Lightning Bug Game
This game is a work in progress, scheduled to be completed in October 2013 by Kaho Abe, the Artist in Residence at the NYU-Poly Game Innovation Lab in collaboration with Katherine Isbister. The Development phase prior to October is funded by Eyebeam Art & Technology Center through the Rockefeller Cultural Innovation Fund. This post has been created to show the progress of the game as of April 2013.
The Lightning Bug Game is based on a story about a fantastical world of Lightning Bugs. The once peaceful home of the Lightning Bugs is under attack by the smoggy Clouds of Darkness, threatening to overtake the pure air and water around them. Only a few lightning bugs are left — two must now cooperate together to fight off the evil Dark Clouds to save their home. This interactive installation is an immersive two-person cooperative digital game.
Preliminary Research & Inspirations
I’m currently exploring ways in which technology can be embedded into costumes, to add the functionality of a game controller. In most of the digital games we play, there are on-screen avatars controlled by the player. We play the game through the avatar, and often feel emotionally connected to it. But imagine if the player, by wearing a costume, could not only change their appearance to resemble a character in the game, but could also use the costume to play the game itself? I wonder how this would affect the user’s play. Would it draw them into a more compelling, fully-realized world?
We can already see examples of this kind of immersive experience in live-action role playing games and cosplay—an expression of the desire to fully inhabit a character in the story. While, of course, the mechanics of a game are also important, I believe that this act of stepping into a role, transforming from regular person to fantastical superpowered hero, is also a crucial process to consider when creating an immersive experience. Culturally, the act of putting on a costume is often seen as a process of transformation; costumes can signify sense of power that wasn’t there before — think of Superman and Wonder Woman. In combination with costumes, ritualized gestures can also help the process of transformation—as in this transformation scene from the “Kamen Rider” Japanese television series.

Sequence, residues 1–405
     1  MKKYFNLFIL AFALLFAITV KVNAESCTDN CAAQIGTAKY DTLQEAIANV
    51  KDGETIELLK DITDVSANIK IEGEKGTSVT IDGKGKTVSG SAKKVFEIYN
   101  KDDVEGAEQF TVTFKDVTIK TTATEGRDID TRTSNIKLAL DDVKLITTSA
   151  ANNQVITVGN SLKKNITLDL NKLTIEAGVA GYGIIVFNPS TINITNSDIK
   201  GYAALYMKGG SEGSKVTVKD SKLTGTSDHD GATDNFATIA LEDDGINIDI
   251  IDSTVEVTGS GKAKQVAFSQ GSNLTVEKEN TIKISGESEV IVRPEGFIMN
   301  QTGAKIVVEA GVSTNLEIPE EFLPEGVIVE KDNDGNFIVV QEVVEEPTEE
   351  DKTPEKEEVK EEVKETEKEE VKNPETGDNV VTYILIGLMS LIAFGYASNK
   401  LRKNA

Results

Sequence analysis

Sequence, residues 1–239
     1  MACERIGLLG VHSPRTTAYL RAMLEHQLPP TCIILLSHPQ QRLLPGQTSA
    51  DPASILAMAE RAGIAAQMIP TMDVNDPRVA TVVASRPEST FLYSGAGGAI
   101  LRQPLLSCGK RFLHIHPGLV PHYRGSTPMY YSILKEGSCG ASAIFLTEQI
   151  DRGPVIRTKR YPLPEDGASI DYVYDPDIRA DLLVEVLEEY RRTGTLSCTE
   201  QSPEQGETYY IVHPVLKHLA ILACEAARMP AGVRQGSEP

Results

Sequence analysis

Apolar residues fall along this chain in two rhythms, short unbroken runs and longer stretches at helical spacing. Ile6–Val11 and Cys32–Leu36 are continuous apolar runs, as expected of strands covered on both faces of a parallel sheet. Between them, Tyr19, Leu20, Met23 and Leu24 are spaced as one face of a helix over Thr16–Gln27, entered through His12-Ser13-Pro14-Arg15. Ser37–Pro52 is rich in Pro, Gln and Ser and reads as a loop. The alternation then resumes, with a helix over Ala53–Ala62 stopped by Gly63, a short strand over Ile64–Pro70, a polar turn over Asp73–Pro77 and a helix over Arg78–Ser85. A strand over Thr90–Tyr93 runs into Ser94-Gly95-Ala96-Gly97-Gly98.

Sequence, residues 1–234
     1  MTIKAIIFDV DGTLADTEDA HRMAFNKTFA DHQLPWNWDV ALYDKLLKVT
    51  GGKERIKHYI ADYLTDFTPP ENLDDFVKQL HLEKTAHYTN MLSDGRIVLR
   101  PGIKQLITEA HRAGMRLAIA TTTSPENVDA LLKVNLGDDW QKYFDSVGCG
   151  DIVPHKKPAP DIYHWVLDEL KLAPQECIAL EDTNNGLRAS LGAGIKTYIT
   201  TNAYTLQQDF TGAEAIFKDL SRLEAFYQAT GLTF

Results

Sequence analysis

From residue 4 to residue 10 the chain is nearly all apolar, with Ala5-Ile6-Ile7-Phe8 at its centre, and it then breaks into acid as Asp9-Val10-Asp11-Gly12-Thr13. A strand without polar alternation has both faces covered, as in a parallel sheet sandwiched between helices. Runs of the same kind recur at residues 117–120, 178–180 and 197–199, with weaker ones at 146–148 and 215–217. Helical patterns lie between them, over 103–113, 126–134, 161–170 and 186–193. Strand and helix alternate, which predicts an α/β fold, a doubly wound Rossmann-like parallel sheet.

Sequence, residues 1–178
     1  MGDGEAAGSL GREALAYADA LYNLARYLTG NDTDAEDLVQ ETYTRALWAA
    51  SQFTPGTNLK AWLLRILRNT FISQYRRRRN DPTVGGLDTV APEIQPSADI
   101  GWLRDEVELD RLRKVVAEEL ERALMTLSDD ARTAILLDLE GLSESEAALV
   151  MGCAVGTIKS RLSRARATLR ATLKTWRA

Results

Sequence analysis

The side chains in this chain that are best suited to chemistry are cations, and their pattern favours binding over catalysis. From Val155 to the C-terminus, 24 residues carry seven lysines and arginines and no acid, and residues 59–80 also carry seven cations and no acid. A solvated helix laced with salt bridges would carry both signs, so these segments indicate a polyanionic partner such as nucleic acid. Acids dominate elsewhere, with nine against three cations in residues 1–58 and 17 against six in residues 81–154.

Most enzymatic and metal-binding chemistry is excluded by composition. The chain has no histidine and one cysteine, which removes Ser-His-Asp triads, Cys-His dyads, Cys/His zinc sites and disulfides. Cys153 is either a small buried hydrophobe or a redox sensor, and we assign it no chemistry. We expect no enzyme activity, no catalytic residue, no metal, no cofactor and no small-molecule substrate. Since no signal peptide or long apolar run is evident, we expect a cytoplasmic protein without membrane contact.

Gameplay and Physical Interaction
For the last several years my objective has been to make games which utilize technology to encourage face to face interaction. While many digital interactions of today are face-to-screen and can seem isolating, I ultimately believe that technology is a tool that it can be harnessed to enhance face-to-face interactions. The Lightning Bug game requires two players to cooperate with each other in order to battle the Dark Clouds. During the game, players will rely not only on communicating through talking, but also through eyes, body language and touch. It can be said that in this game, technology becomes a secondary element that helps to amplify the ultimate objective of the game — to create an exciting, immersive face-to-face game experience.
One player plays the role of the shooter, wearing a spikey gauntlet, while the other player plays the role of the collector, accumulating power in the power capsule back pack. In order to distribute the power from the power capsule to the shooter, the players must hold hands. This type of physical interdependecy in order to play the game is a key feature.
Current prototypes of the costumes have been made using the Makerbot Replicator2 3D printer and laser cutting foam. Each prototype is embedded with an Android phone and an IOIO board. This allows the use of the accelerometer and wireless communications in the phone while turning the LED lights on and off and the use of additional sensors which can be added to the IOIO board.
Projection and other Technology
The two players will be immersed in a projected environment. Computer vision will be used to track where the shooter is aiming. A combination of Processing and Unity will be used, networked with the Android phones, to create the digital game space.